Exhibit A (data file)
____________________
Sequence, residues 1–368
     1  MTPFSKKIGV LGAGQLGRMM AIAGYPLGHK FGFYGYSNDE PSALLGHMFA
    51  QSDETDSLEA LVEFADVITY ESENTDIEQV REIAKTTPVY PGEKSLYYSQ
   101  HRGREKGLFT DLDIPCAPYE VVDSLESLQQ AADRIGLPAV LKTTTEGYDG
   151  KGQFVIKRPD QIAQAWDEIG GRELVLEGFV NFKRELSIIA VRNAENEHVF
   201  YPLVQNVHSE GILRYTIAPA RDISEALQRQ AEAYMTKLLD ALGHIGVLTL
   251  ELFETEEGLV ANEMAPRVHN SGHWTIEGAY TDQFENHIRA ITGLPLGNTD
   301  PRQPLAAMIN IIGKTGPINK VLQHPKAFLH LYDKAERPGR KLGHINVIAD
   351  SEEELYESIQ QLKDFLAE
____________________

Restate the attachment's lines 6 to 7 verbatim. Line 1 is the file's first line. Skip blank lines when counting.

   201  YPLVQNVHSE GILRYTIAPA RDISEALQRQ AEAYMTKLLD ALGHIGVLTL
   251  ELFETEEGLV ANEMAPRVHN SGHWTIEGAY TDQFENHIRA ITGLPLGNTD